Even if you’re not familiar with the name Peter Saville, chances are you’ve seen his work. An enigmatic image-maker who frequently confounds expectations, Saville’s career has spanned everything from creating record sleeves for rock bands to reimagining the creative identities of some of the world’s most prolific luxury names — not to mention attempting to brand the entire city of Manchester. Similarly, his work refuses to fit into any neat category, sitting somewhere on the blurred boundaries between art and design. 

In 1978, Saville co-founded legendary label Factory Records alongside Tony Wilson, Martin Hannett and Alan Erasmus. As art director, he designed album covers for many of the cult indie bands of the 1970s and 1980s, including Joy Division, New Order, Happy Mondays and The Durutti Column. A number of Saville’s early designs — such as the graphic black-and-white visualisation of pulsar signals on Joy Division’s 1979 album, Unknown Pleasures — have become so well-known as to become standalone visual icons, recognisable even to those ignorant of their musical origins.  

“I always thought of them as works in their own right, as visual objects that existed independently,” Saville muses. “To varying degrees, they are about themselves relative to the canon of art and design — as I knew it — rather than about the music that initiated them. Inevitably though, the degree of iconic status is intrinsically determined by the success of the music that garnered a receptive audience in the first place.” He pauses. “A fact that my musician friends like to remind me of…”

His portfolio is nothing if not diverse. Although Factory Records went under in 1992, Saville continued to work with various artists — Pulp, Suede and Roxy Music among them — on music-based commissions and in 2000 founded fashion film platform SHOWStudio alongside long-time collaborator Nick Knight. An eponymous retrospective was staged at London’s Design Museum in 2003, before an invitation came to redesign the England football team’s home kit in 2010. In 2013, US rapper Kanye West enlisted him to design a new visual identity. However, out of all of his projects, Saville counts his decade-long tenure as the consultant creative director of Manchester as the most challenging by far. 

“[I was tasked with] divining a ‘brand ethos’ for the city as it looked to define itself for the 21st century. A common vision and inherent identity — acknowledging provenance while simultaneously inspiring purpose — was sought as a route map for the transition of the world’s first industrial city towards its post-industrial future,” he explains. 

Graphic designs: An interview with iconic image-maker Peter Saville
Graphic designs: An interview with iconic image-maker Peter Saville
Graphic designs: An interview with iconic image-maker Peter Saville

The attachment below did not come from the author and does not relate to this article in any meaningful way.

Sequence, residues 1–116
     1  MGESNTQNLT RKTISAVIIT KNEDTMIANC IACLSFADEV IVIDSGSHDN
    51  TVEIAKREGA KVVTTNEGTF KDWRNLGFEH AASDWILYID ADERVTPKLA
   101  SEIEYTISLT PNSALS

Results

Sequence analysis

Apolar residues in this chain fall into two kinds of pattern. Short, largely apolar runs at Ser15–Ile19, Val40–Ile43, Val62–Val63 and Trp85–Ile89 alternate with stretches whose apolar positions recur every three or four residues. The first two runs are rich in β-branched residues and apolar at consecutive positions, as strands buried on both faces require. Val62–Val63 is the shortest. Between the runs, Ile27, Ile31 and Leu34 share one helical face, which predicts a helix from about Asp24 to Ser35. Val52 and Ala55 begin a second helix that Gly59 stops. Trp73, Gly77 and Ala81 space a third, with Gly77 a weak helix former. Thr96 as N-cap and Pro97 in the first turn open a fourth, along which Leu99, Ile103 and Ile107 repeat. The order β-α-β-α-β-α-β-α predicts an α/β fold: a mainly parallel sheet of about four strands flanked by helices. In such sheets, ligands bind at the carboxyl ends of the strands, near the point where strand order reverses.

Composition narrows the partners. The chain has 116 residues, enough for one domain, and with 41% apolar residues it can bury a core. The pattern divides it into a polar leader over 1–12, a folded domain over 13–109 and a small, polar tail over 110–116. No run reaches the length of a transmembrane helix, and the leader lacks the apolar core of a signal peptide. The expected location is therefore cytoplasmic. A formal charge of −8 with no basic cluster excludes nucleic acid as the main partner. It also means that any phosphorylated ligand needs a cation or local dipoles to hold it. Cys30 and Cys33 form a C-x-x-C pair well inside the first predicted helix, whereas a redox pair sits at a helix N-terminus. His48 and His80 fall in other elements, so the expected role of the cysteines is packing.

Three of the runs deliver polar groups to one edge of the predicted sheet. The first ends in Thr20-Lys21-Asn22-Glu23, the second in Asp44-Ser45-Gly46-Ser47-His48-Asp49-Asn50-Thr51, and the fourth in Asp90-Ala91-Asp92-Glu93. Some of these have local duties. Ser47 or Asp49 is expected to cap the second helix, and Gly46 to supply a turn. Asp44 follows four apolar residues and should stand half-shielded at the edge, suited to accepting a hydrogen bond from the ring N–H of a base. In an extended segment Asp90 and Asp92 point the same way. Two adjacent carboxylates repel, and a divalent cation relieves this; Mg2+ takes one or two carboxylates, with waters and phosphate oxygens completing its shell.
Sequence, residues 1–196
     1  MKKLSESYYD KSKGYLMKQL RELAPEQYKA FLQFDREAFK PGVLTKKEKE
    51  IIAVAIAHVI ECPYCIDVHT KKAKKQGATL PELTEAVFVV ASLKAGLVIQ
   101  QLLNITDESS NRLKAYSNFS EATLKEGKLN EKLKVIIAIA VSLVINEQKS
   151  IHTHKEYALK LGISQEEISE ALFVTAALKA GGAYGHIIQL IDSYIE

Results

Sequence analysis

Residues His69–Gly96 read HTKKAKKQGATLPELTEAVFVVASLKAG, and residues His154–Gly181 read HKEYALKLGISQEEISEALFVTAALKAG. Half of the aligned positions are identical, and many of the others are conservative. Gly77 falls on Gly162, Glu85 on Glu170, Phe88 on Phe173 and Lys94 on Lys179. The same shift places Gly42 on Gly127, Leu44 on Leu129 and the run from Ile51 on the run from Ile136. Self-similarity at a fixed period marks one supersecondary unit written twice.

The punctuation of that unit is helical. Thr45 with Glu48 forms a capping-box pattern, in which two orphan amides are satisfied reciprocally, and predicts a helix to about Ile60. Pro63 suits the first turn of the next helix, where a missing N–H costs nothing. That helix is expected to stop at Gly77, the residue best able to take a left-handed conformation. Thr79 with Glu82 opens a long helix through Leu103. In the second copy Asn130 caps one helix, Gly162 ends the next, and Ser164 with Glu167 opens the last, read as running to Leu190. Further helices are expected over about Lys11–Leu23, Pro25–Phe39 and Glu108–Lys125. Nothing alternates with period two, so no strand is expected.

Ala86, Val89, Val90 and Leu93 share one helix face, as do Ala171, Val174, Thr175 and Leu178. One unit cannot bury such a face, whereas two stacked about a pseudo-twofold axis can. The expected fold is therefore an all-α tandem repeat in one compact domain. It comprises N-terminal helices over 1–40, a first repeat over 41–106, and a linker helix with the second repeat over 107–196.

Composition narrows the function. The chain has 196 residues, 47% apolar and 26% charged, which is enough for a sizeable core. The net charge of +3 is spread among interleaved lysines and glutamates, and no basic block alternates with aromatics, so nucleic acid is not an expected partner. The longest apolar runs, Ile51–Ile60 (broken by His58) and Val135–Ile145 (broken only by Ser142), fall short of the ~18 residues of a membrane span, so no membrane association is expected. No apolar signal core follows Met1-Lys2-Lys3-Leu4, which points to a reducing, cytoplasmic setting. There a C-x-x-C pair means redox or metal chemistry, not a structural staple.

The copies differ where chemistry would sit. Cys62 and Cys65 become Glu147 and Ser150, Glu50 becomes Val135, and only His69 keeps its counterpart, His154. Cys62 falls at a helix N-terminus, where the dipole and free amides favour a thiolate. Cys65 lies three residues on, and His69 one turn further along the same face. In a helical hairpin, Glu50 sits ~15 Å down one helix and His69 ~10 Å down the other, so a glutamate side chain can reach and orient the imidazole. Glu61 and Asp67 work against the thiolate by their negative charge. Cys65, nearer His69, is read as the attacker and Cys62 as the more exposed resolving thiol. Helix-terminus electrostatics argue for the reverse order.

These days, having been commissioned by some designer fashion and high-end lifestyle’s most forefront names, Saville’s client list reads like a who’s who of the luxury industry. Givenchy, Hennessy, Stella McCartney and Dior are among his former clients, to name a few, while iconic brands such as Calvin Klein and Burberry recently commissioned him to lead major re-branding projects. 

On his creative process, he says — in typically oblique fashion — “I remember my close friend and colleague, photographer Trevor Key, once saying to me, ‘We only really learn when we make mistakes, don’t we?’ The service aspect of graphic design is the mobility it affords one to engage with new and different issues in sync with the path of one’s life and interests.” 

This engagement with the novel, remaining ever-sensitive to the beating pulse of visual culture, is what makes Saville’s graphic designs so hard to pin down. His work is informed by a remarkable range of references, which he zealously collects as part of a vast, ever-growing archive. “What I find out about the world informs my work and thankfully — but also regrettably — that never stops, does it? There is a constantly evolving spectrum of understanding.”

A notorious perfectionist, Saville is reluctant to reveal exactly what he is working on at the moment: “I always imagine that the work I take on will be enjoyable, but the pursuit of better never is until it’s done — and if it isn’t difficult, you fear you are probably not trying hard enough.” 

No doubt his next project will be that one few saw coming. 

This story is an extract from an article featured in the AM47 issue of Aston Martin magazine, out now. If you're not already a subscriber, visit magazine.astonmartin.com/magazine-subscription so that you can read the full story. 

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